John O'Brien, Or, the Orphan of Boston, a Tale of Real Life

John O'Brien, Or, the Orphan of Boston, a Tale of Real Life

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This historic book may have numerous typos and missing text. Purchasers can usually download a free scanned copy of the original book (without typos) from the publisher. Not indexed. Not illustrated. 1856 edition. Excerpt: ... in silence, with folded arms. Two monitors sat on stools in front, to watch them. My division was the smallest;-it contained only four, and one of them was the boy to whom I gave my handkerchief. He looked very sulky, and he had lost his blue suit. I was beginning to speak to him, but the boy who was our monitor, told me to be still, and fold my arms. The dress of all the boys, excepting those of the first division, was a jacket and pantaloons of a light and coarse blue. The jackets had standing collars, and were buttoned with one row of buttons, like military jackets. The boys seemed to be warm enough. These divisions, as I learned soon enough, were called grades. The three higher ones were called ban, or good grades. The three lower ones, mal, or bad grades. A boy newly arrived, or one who had done a very bad action, was put in the third malgrade. Then he worked his way up by good behavior. Three days would pass him into the second malgrade.'; a week into the first; then another week for the third bongrade. A fortnight would qualify him for the second. A month would bring him into the highest, and into a better suit of clothes. So nine weeks would enable a boy to pass from the lowest grade to the highest; and when he was once there, he might keep his post as long as he remained in the house. _ It was quite an object to get into this grade; for, in the first place, the boys in it were better dressed; then they were the favorites--the white-headed boys. They enjoyed a peculiar privilege, by a fiction of the domestic law. They were supposed to be incapable of lying, and their word was sufiicient in any transaction. This was a wise notion. The boys were very proud of the distinction, -and made it a point of honor to tell the more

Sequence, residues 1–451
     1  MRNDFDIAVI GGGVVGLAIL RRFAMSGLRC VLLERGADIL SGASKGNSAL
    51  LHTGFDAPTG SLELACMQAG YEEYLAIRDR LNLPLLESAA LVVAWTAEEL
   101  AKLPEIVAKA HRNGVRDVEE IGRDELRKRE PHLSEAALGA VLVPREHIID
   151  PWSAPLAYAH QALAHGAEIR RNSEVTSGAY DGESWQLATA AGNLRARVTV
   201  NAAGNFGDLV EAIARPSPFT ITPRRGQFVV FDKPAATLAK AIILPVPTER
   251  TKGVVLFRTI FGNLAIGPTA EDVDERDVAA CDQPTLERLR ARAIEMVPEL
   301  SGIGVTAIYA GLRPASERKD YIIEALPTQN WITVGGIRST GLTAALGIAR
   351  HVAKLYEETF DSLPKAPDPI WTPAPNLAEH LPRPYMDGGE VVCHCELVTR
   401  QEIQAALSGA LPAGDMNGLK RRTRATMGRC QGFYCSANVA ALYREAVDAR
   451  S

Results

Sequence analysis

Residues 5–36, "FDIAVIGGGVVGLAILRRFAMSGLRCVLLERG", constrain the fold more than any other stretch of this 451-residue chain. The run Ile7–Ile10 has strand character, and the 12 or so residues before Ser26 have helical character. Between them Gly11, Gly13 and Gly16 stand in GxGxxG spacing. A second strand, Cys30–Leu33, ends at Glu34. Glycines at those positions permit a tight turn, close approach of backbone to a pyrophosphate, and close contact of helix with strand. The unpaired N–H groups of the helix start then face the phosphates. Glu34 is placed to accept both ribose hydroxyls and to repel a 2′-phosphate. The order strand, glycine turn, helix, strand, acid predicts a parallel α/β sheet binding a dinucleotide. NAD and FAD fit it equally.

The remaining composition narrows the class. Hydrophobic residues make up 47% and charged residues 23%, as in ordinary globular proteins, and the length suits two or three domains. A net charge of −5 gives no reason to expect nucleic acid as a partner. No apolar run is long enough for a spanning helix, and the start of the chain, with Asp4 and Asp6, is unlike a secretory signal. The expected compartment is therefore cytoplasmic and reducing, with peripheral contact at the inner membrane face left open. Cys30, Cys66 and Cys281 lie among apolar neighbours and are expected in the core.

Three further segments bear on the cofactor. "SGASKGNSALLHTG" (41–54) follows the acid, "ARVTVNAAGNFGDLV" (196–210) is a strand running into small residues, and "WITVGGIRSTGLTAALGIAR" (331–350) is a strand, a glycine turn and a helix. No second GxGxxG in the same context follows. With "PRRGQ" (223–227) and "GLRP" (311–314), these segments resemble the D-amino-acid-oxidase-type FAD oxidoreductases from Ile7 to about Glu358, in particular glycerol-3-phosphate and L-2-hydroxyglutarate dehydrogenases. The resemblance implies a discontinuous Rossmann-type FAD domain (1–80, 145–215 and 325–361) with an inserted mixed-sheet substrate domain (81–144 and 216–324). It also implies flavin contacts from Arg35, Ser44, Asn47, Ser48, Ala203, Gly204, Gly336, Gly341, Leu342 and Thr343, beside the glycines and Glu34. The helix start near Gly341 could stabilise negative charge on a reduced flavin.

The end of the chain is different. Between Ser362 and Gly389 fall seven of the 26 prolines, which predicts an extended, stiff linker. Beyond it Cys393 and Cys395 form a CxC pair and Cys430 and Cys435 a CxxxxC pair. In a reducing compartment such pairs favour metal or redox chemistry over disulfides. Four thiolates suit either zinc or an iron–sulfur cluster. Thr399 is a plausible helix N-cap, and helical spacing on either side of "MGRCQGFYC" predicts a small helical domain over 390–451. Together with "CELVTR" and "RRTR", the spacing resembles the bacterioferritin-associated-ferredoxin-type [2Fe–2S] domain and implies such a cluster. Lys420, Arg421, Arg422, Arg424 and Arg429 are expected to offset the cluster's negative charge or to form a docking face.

Product details

  • Paperback | 102 pages
  • 189 x 246 x 5mm | 195g
  • United States
  • English
  • black & white illustrations
  • 1236935136
  • 9781236935137